Location: New Orleans, LA
Design: Ammar Eloueini
After 4 years in design, 3 different locations, 2 permits and a zoning variance from the city of New Orleans, the construction on the J-House started on January 24, 2011.
See the entire process on the AEDS blog.
J-House New Orleans is finished with Rubio Monocoat Sealer 707, which is a product that is used specifically to finish Shou Sugi Bahn charred wood surfaces. If you would like more information on Sealer 707, please contact us.
The J‐House uses a historically standard New Orleans housing lot: 30x150 feet. The original site for the J‐House is located in a designated flood zone as is common with many housing sites throughout the Southern Louisiana region. Recent FEMA studies have concluded that a vast range of New Orleans housing sites are currently 9‐feet under sea level. The original site for the J‐House is no different.
Avoiding current political and sociological debates inherent with building houses to ‘new’ codes adopted after the historic storms of Katrina and Rita, as well as within areas clearly destined to be under water, the J‐House was approached as an opportunity to study the possibilities, as opposed to restrictions, for building high above ground in a restricted lot size. As a housing lot located in a flood zone, the design was bound by elevation requirements; the resulting design is 10’ off of the ground.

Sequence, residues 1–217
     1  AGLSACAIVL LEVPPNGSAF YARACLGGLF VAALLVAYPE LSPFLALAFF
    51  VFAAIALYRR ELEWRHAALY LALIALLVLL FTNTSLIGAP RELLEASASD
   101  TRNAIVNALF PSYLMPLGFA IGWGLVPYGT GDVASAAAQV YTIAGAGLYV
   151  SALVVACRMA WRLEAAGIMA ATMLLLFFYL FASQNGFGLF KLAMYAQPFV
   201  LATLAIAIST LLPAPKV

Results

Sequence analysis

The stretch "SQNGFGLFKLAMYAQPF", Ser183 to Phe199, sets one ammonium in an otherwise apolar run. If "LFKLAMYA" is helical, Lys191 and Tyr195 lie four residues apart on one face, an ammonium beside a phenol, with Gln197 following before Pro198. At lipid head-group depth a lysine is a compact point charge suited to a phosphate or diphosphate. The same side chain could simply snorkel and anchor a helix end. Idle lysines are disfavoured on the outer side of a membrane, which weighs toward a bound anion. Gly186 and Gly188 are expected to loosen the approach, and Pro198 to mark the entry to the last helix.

The basic design is two 10x20x90 feet tubes. Each tube is rotated 90 degrees from one end to the other. The resulting combination of the two tubes allows for structural support with a minimum foot print for the foundations. The twisting and combination of tubes generates a space under the house that allows for views through the site. On the roof level the twisting generates a diagonal skylight.
While this house was a type of study of place, constraints and possibilities, the housing surrounds in which it lies were not ignored. The J‐House was inspired by the shot‐gun house typology; a housing stock that typifies a New Orleans home.
The proposed house is made out of steel structure that is prefabricated and assembled on site. The exterior skin is a rainscreen of charred cedar planks.
In 2009, this project received a Design Excellence Award from the AIA New Orleans Chapter.